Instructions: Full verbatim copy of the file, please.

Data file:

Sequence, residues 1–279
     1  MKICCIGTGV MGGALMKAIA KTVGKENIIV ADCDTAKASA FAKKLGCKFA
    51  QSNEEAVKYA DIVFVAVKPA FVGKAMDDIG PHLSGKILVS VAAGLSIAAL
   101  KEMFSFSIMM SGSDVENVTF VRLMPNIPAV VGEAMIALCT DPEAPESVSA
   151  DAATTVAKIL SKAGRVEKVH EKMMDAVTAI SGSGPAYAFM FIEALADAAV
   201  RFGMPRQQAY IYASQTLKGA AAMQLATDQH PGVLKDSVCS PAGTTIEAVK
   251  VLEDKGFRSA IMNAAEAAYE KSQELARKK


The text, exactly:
Sequence, residues 1–279
     1  MKICCIGTGV MGGALMKAIA KTVGKENIIV ADCDTAKASA FAKKLGCKFA
    51  QSNEEAVKYA DIVFVAVKPA FVGKAMDDIG PHLSGKILVS VAAGLSIAAL
   101  KEMFSFSIMM SGSDVENVTF VRLMPNIPAV VGEAMIALCT DPEAPESVSA
   151  DAATTVAKIL SKAGRVEKVH EKMMDAVTAI SGSGPAYAFM FIEALADAAV
   201  RFGMPRQQAY IYASQTLKGA AAMQLATDQH PGVLKDSVCS PAGTTIEAVK
   251  VLEDKGFRSA IMNAAEAAYE KSQELARKK